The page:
Additionally, under the subtitle “Resource Allocation,” the authors wrote: “Museum and art historical resources are always limited. What gets acquired, displayed, conserved and studied is the result of a continuous process of triage, in which some objects can be favoured only at the expenses of others. Counterfeit objects distort the process.”{17}

Finally, under the subtitle “Fraud,” the authors wrote: “There remains the most obvious harm of all: counterfeit cultural objects are instruments of fraud. Most are created in order to deceive and defraud, but even “innocent” counterfeits can, and often will, be so used. The same considerations of justice and social order that make deliberate fraud of others kinds criminal apply equally to fraud through the medium of counterfeit art...”{18}

Section 5 of the FTC Act prohibits “unfair---acts or practices in or affecting commerce.” In part, it states: “A seller’s failure to present complex technical data on his product may lessen a consumer’s ability to choose, for example, but may also reduce the initial price he must pay for the article.”{19}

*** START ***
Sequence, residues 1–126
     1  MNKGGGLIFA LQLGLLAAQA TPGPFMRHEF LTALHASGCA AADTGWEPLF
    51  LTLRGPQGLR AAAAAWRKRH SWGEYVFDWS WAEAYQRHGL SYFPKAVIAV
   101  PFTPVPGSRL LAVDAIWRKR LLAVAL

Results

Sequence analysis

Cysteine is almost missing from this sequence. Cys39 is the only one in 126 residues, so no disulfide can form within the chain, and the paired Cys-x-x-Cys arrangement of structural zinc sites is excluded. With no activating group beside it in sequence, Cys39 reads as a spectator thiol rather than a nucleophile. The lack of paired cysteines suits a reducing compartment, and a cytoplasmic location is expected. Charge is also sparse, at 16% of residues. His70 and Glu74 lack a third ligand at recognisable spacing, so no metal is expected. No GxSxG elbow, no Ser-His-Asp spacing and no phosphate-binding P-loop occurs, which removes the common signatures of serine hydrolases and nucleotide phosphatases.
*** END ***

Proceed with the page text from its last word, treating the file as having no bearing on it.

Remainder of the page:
Would the “consumer’s ability to choose” be undermined if they were -not- informed that the so-called “sculptures,” they are paying directly or indirectly to view, are, at best, reproductions?

Once again, as noted earlier, on page 670 of the Seventh Edition of Black’s Law Dictionary, -fraud- is defined as: “A knowing misrepresentation of the truth or concealment of a material fact to induce another to act to his or her detriment.”{20}